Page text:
Lorilyn Wilson: Blake and David are two of them.
 
Blake Oliver: It's [00:09:00] 66.67 percent are zero to 10 percent, and then 33.33 percent are 11 to 20 percent, and nobody is over 20 percent. We'll share it in the show notes, and hopefully our listeners will go and vote in this poll, and we'll actually be able to see how much revenue are firms earning from advisory services now, because it's probably not that much, right?
 
David Leary: Well, hopefully it's more than zero to 10 percent, which is winning the poll by far, right now.
 
Blake Oliver: I think part of the problem with advisory services is that, actually, a [00:09:30] lot of firms, and a lot of partners are doing it. Lorilyn, I'd love to hear what you think. They're just not charging for it, right? They're charging for the tax return, and then they're giving advice to their clients, but that's not part of what their clients are paying for now, and it's-
 
Lorilyn Wilson: With us, we do the standard accounting, and tax prep on a fixed fee, but that fixed fee is priced at a premium. Built into that is they know they can reach out to us anytime and ask us stuff. We are charging for it, but it's not something that's line-itemed out in our engagement with them.
 
Blake Oliver: Does [00:10:00] that include tax planning in there, or is that separate?
 
Lorilyn Wilson: Yeah. That's in there.
 
Blake Oliver: That's rolled in? Okay. You're basically, already ... Do you call it advisory? Do you think of it that way?
 
Lorilyn Wilson: We just call it consulting, limited consulting. They just know that anytime, they can ping us, and we'll help them out with whatever they have a question on. It's not necessarily only tax, or only books; it can be for a wide variety of things. They'll be like, "Oh, I'm [00:10:30] thinking of doing this new venture. Give me your thoughts on that." It's pretty loose, and wide.
 
Blake Oliver: Got it.
 
David Leary: There's a tweet related to advisory this week, too, right, I think?
 
Lorilyn Wilson: Yes. Yes. This one's from @TheBigFour tweets, he's a hilarious accountant you should always follow. Following the same vein, he tweeted, "I still have no idea what advisory does." 
 
Blake Oliver: It got two 228 likes, and 56 retweets, which is a lot for an accounting tweet, I think. 
 
Lorilyn Wilson: I'm probably thinking far too deeply on this tweet, but it's hard to define, because for everyone, it's going to mean something different. I [00:11:00] was thinking, in our firm, a lot of the type of stuff people ask us for advice on - we do the advisory or consulting, whichever we want to call it - a lot of it's tax-related, even though the majority of our time is spent doing their accounting work. For someone who, say, is just a bookkeeper, they're not going to be doing tax-advisory type stuff, so that's going to look completely different for them. I think that's why it's hard to define it.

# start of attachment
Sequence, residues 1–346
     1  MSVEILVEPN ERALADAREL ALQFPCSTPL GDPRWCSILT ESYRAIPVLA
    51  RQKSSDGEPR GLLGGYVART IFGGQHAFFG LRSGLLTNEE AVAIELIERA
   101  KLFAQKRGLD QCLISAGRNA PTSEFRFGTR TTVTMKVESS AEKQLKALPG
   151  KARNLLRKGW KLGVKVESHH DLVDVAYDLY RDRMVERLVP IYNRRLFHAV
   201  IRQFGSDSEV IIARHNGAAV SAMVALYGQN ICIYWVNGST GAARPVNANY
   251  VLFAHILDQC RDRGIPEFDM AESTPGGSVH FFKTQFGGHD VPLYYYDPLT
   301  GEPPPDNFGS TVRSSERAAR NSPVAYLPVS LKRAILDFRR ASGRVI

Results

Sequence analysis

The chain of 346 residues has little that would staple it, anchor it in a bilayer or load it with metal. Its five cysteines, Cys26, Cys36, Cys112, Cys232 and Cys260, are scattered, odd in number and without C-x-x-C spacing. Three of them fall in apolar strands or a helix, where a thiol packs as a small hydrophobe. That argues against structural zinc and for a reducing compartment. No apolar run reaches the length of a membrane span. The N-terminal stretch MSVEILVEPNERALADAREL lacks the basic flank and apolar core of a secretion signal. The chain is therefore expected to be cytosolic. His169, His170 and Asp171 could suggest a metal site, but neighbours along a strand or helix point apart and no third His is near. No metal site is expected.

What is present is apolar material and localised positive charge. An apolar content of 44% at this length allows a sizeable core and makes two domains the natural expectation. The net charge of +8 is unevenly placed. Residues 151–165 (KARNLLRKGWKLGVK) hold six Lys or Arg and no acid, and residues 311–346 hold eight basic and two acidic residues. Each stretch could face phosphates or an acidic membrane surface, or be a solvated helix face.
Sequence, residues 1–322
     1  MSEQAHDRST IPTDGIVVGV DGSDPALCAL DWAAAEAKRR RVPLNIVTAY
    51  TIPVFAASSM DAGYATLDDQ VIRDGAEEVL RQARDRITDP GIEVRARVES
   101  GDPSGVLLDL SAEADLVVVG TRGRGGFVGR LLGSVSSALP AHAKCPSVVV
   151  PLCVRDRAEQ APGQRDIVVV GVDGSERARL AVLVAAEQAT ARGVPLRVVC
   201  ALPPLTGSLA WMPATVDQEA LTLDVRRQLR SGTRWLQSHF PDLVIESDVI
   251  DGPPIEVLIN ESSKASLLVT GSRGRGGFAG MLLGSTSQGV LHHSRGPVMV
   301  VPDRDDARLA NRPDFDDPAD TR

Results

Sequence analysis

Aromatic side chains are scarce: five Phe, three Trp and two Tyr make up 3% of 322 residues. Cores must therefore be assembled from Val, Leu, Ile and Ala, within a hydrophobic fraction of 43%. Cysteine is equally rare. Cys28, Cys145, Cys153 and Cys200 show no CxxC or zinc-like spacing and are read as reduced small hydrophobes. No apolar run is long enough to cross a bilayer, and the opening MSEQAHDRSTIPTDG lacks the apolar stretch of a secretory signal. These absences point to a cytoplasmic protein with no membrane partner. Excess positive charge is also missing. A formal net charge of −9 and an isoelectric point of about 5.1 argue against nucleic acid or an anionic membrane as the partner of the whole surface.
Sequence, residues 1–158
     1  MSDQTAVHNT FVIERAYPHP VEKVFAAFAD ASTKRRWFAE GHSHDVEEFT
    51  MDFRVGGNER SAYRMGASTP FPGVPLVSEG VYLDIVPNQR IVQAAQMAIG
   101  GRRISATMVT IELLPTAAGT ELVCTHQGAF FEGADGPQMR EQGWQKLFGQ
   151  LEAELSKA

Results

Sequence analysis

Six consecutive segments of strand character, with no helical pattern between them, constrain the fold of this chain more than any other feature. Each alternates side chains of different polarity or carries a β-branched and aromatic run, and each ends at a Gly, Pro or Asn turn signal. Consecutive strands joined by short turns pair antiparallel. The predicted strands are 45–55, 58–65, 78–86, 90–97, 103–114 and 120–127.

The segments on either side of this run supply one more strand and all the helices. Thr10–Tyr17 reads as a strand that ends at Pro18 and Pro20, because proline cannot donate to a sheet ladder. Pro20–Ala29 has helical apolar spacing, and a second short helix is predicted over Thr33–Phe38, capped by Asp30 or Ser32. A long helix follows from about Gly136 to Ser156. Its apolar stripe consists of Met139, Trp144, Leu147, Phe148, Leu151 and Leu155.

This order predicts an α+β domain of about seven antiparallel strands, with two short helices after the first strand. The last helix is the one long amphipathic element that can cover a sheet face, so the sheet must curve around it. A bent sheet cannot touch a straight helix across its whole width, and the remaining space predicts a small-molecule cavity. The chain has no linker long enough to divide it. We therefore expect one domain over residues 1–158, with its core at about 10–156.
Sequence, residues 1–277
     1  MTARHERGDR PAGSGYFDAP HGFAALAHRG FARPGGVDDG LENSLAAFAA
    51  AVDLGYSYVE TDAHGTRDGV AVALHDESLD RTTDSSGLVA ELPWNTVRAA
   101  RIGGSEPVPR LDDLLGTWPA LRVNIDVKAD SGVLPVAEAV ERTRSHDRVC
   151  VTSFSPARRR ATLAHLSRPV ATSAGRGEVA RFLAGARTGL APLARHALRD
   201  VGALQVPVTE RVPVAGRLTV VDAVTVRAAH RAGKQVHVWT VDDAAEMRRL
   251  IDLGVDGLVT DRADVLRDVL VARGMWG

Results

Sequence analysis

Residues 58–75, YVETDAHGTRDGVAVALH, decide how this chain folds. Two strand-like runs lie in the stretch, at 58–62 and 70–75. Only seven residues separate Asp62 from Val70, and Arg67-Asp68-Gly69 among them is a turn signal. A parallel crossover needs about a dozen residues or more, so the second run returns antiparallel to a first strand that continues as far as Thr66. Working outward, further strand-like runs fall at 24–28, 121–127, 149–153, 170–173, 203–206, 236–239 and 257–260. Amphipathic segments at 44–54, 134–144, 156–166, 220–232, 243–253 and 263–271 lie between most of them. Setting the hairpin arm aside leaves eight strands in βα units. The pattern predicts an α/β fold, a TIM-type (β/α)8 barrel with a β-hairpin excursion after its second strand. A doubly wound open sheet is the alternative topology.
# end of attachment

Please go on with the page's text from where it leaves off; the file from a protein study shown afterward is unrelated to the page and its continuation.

Blake Oliver: Yeah, it's different. I [00:11:30] just had an advisory moment this week. I have one client that I still work with on the side, and she had an employee quit. She called me, and said, "What do I do? This employee quit. Should I pay her for these days when she wasn't in the office, because she hadn't yet officially quit, and was taking 'personal time.'" Of course, I'm here now, I'm a CPA, and I'm like, "How do I CYA?" I'm not an HR professional, so I'm [00:12:00] like, "Well, I can't really tell you that. You should probably call your lawyer," and then she just stops me. She's like, "Dude, just tell me what you would do if you were in my situation.".
 
I guess I can say, theoretically, if this were me in a hypothetical situation, what would I do? I'm doing advisory, right there. Right? I'm saying if it was me, I would rather just pay her through the end of the period, and not have to deal with any potential legal problems. I don't know, maybe I shouldn't have said that. Maybe they're going to get in trouble, but that was an advisory moment for me. I [00:12:30] charge a fixed fee, and that's what she expects - to get that kind of advice.
 
David Leary: The interesting thing about that Twitter chain was, it was a ... That's kind of a sarcasm Twitter account, is that correct? @TheBigFourAccountant? [cross talk] People were posting sarcastic remarks back. Even myself, I posted, "Hey, maybe there's some accounting conferences this summer that'll teach you how to do it." It quickly sub-chained into people really criticizing the conferences, and their one-hour, 'We'll [00:13:00] teach you what to do in an hour' type sessions, to ... People are grassrooting a real conference of some type to really get trained in advising.
 
Blake Oliver: Yeah.
 
Lorilyn Wilson: Yes.
 
Blake Oliver: Yeah. I almost never see in-depth sessions on how to do advisory; it's always like this very high-level thing. You can't take that home, and actually do something with it.